LAWTON, John (1656-1736), of Lawton, Cheshire.
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Family and Education
bap. 7 May 1656, 1st s. of William Lawton of Lawton by Hester, da. of Sir Edward Longueville, 1st Bt., of Wolverton, Bucks. m. (1) by 1679, Anne (d. 1 July 1717), da. of George Montagu of Horton, Northants., 7s. (6 d.v.p.) 8da.; (2) his cos. Mary, da. of Edward Longueville of Iver, Bucks., wid. of Sir Edward Longueville, 3rd Bt., of Wolverton, 1s. suc. fa. 1693.1
Commr. for assessment, Staffs. 1689-90, Cheshire 1690; mayor, Newcastle 1692-3; j.p. Cheshire 1695-d., Staffs. by 1701-d.; capt. of militia horse, Cheshire by 1697; steward, Newcastle manor 1698-1702, 1707-10, 1716-17; dep. lt. Cheshire and Staffs. by 1701-?d.2
Lawton’s ancestors took their name from a Cheshire manor, part of which had been in their hands since at least the reign of Henry III. A younger son sat for Callington in 1584 and for Chester 20 years later, but they were not a regular parliamentary family. Lawton’s father during the Civil War took shelter with the King’s forces in Shropshire, but evidence was given that he was ‘no designer, nor malicious’ in the royalist cause. Burdened with many children and debts of £4,523, he was allowed to compound for £680.3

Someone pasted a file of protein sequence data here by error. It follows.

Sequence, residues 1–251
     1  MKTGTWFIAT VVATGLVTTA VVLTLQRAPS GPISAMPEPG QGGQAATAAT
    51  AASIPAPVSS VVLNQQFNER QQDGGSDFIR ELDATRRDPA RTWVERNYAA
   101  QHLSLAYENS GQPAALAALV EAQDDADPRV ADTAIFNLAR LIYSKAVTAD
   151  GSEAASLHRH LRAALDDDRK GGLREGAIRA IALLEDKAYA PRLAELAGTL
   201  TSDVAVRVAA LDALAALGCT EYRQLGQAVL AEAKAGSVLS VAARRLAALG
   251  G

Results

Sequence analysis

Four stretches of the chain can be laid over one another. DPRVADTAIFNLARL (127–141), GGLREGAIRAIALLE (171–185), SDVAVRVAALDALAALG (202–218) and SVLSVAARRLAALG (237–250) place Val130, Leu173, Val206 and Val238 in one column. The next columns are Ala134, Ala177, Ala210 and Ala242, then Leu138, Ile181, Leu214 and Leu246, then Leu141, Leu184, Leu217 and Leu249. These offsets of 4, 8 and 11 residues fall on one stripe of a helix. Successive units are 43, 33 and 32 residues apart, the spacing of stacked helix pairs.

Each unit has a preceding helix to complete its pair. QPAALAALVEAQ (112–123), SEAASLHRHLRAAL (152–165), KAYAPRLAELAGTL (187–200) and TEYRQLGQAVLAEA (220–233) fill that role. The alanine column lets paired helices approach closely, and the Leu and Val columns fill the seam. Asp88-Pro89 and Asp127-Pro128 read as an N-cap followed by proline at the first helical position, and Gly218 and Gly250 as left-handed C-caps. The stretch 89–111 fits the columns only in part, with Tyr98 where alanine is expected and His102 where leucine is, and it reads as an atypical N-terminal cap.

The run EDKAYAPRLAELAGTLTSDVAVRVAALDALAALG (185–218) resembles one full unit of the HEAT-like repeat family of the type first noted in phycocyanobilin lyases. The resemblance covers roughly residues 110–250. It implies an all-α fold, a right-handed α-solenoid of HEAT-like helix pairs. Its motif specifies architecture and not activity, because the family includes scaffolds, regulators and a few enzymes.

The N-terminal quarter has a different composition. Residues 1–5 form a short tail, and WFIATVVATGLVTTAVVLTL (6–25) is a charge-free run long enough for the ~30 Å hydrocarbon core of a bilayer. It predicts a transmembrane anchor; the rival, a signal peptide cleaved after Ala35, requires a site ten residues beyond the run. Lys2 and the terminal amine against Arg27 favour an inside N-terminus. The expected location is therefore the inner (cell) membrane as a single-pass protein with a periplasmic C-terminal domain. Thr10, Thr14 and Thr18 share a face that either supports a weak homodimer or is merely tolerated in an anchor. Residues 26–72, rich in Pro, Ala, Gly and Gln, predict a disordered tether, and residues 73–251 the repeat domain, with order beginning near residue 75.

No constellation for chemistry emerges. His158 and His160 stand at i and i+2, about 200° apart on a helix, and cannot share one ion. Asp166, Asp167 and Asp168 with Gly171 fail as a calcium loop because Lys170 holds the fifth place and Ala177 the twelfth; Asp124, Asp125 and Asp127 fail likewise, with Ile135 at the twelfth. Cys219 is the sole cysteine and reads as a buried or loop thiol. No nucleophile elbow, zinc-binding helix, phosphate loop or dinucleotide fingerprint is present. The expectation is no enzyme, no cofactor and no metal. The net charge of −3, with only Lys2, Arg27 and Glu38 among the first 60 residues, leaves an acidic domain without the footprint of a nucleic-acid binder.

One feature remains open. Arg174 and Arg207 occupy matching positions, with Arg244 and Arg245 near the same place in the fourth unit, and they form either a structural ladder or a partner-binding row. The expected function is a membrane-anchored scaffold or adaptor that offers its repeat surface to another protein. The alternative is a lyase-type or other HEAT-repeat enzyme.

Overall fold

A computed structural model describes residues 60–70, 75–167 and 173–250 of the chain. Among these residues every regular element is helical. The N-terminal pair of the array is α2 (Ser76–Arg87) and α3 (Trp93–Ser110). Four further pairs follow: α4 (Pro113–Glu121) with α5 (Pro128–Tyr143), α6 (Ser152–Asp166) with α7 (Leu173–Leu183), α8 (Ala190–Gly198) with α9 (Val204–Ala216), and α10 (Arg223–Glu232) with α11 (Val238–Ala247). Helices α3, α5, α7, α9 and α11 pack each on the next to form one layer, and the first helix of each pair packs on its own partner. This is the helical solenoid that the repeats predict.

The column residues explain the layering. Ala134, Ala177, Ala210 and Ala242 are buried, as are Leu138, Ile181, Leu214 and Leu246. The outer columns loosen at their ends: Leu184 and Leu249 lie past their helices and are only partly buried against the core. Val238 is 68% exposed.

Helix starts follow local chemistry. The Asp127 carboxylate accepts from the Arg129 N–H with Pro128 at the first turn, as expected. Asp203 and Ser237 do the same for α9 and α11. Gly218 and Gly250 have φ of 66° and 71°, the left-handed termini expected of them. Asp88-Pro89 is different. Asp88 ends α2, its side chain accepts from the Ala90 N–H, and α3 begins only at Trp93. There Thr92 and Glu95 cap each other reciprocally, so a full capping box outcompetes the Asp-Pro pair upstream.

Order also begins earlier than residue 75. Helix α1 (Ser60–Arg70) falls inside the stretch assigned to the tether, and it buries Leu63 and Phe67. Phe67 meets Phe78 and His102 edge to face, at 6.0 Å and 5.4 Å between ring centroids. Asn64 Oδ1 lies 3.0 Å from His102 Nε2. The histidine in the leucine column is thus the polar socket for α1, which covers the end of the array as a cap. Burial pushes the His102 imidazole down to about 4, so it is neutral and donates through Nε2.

Lawton and his father attended the Duke of Monmouth on his Cheshire progress in 1682. With the support of Sir John Bowyer he was returned in 1689 for Newcastle-under-Lyme, six miles from his home. An inactive Member of the Convention, he was named to only five committees, including two for attainting Jacobites. He did not vote for the disabling clause in the bill to restore corporations, but acted consistently as a court Whig in later Parliaments. He died on 10 June 1736, when his son was sitting for Newcastle as a government supporter, and inherited an estate of £1,800 a year.4